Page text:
The future of Hanmi’s lung cancer drug began to turn bleak Friday -- when Hanmi’s licensing partner Boehringer Ingelheim announced it would return the drug‘s development and commercialization rights it had purchased from the Korean drugmaker in July 2015 in a deal valued at $730 million.
The same day, the Korean Ministry of Food and Drug Safety prohibited doctors from prescribing Olmutinib to new patients and warned patients already using Olmutinib to “use the drug with caution” in consultation with doctors, citing three cases of life-threatening side effects linked to the drug’s use during clinical trials.
The ministry is scheduled to hold a meeting Monday to decide on the causal relationship between the drug and the given side effects to determine its next moves, which could include completely banning the drug’s sales, Yonhap News Agency reported.
Hanmi’s lung cancer drug Olmutinib, also known as HM61713 or BI148294, is a third-generation lung cancer therapy for patients who have developed a tolerance to existing lung cancer treatments.
Olmutinib was conditionally approved for sale in Korea in May under the name “Olita Tab.” after completing just first and second phase trials held locally. The firm is mandated to submit the results of the drug‘s third phase trials at a later date.
At the same time, the German pharma giant had been carrying out second phase clinical trials in Europe, with plans to begin second stage trials in the US where the drug was designated a “breakthrough therapy” by the US Food and Drug Administration.
However, Boehringer Ingelheim announced Friday that it is terminating its licensing deal with Hanmi “based on a re-evaluation of all available clinical data on Olmutinib and recent treatment advances made in the treatment of EGFR mutation-positive lung cancer.”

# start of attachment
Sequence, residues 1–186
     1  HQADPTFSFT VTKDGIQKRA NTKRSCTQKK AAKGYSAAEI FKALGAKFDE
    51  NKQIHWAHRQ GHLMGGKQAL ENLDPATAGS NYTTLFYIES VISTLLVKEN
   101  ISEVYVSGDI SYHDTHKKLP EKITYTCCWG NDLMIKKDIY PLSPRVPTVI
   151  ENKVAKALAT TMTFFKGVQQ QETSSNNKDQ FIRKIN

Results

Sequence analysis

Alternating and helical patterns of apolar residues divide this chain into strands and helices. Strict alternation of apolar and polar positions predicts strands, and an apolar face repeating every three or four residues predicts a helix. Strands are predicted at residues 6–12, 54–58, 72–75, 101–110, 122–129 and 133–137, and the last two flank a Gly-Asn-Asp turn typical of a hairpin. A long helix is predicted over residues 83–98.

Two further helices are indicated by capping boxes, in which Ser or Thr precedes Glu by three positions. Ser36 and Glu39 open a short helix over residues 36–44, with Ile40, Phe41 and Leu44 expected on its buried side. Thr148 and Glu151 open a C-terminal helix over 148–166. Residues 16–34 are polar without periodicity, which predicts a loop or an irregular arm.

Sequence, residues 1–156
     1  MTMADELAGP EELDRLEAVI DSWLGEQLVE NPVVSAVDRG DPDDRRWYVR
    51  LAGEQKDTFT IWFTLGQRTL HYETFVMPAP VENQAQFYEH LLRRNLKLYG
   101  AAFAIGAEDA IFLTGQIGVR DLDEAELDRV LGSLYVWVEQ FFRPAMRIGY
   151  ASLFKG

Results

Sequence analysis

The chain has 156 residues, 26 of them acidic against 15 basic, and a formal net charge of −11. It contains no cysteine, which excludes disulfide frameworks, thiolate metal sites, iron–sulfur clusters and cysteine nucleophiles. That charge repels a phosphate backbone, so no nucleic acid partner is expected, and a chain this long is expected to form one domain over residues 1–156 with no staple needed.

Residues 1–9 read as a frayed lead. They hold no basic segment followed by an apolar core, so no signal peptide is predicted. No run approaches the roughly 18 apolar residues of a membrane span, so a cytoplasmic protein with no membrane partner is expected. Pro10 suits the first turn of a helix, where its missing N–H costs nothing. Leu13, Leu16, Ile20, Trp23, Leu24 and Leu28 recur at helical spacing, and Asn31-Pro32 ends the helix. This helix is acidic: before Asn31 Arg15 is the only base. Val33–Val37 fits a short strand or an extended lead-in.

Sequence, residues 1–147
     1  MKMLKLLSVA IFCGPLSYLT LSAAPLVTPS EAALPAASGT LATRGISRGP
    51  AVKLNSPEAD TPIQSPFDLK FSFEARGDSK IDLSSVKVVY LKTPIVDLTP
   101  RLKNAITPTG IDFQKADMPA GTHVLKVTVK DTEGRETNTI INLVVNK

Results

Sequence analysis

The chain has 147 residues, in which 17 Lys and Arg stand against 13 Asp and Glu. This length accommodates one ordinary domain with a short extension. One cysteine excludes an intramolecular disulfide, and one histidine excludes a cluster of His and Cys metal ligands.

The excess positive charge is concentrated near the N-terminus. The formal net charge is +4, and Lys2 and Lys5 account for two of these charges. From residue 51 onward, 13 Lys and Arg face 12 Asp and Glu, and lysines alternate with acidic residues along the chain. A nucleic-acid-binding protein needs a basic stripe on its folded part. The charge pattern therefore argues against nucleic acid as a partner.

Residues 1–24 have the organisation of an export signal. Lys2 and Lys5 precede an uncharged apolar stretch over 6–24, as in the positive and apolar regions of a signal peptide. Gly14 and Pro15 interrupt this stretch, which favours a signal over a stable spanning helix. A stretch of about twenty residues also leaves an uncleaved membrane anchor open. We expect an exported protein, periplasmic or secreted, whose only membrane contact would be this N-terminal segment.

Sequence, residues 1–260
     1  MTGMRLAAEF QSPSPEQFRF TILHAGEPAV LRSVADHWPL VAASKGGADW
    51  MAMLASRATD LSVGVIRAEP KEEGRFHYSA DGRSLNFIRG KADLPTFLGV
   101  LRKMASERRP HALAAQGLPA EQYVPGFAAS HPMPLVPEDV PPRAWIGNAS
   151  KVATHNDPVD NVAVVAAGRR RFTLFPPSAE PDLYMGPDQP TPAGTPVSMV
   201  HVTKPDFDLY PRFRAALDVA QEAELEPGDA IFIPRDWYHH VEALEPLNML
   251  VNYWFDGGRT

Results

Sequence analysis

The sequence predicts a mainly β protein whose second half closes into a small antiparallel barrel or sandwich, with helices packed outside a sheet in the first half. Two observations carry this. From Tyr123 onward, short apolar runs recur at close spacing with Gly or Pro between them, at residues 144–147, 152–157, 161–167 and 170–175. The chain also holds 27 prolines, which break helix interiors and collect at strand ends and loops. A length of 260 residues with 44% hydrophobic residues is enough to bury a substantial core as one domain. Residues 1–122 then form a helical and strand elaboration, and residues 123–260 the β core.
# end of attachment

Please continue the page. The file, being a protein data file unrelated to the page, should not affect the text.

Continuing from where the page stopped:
The same day, the Korean Drug Ministry issued a new guideline for the use of Olmutinib, citing three cases of serious skin-related side effects found among patients partaking in the drug’s clinical trials.
A Hanmi spokesperson told The Korea Herald that the firm is in the process of determining exactly where the three cases were reported.
Of the 730 patients treated with Olmutinib, two patients showed symptoms of toxic epidermal necrolysis, while another patient was diagnosed with Stevens-Johnson syndrome.
Among the two patients diagnosed with TEN, one died due to the skin condition caused by using the drug, while another recovered. The patient diagnosed with SJS died due to the progression of the patient’s lung cancer.
The first death, which took place during Boehringer Ingelheim’s second phase clinical trials held abroad, was reported to the ministry in April. The two additional cases were reported in June and September, respectively.
Hanmi Pharmaceutical CEO Lee Gwan-sun said the company is “examining multiple ways as to how it will continue on with the development of Olmutinib,” vowing to “set a direction in the near future” during an emergency press conference held Sunday.
For the time being, the Korean drugmaker plans to conclude the ongoing second phase trials taking place in Europe on behalf of Boehringer Ingelheim by the end of next month, as scheduled.
Meanwhile, Hanmi pointed out that multiple considerations in addition to the deaths caused during the Olmutinib’s clinical trials led Boehringer Ingelheim to abandon its development of Olmutinib.
Global pharma giant AstraZeneca has been making headway in developing a similar targeted lung cancer treatment known as Tagrisso (AZD9291). The firm submitted the results of its third-phase clinical trials to the US Food and Drug Administration in July.
In the case that Tagrisso is approved before Olmutinib -- which now appears highly likely -- Boehringer Ingelheim would have a hard time finding patients for Olmutinib, a drug meant for use by patients with no alternative treatment options, Hanmi Vice President Son Ji-woong said.
The Seoul office of Boehringer Ingelheim declined to further comment on its headquarters' reasons for ending its licensing partnership with Hanmi Pharmaceutical.
By Sohn Ji-young/The Korea Herald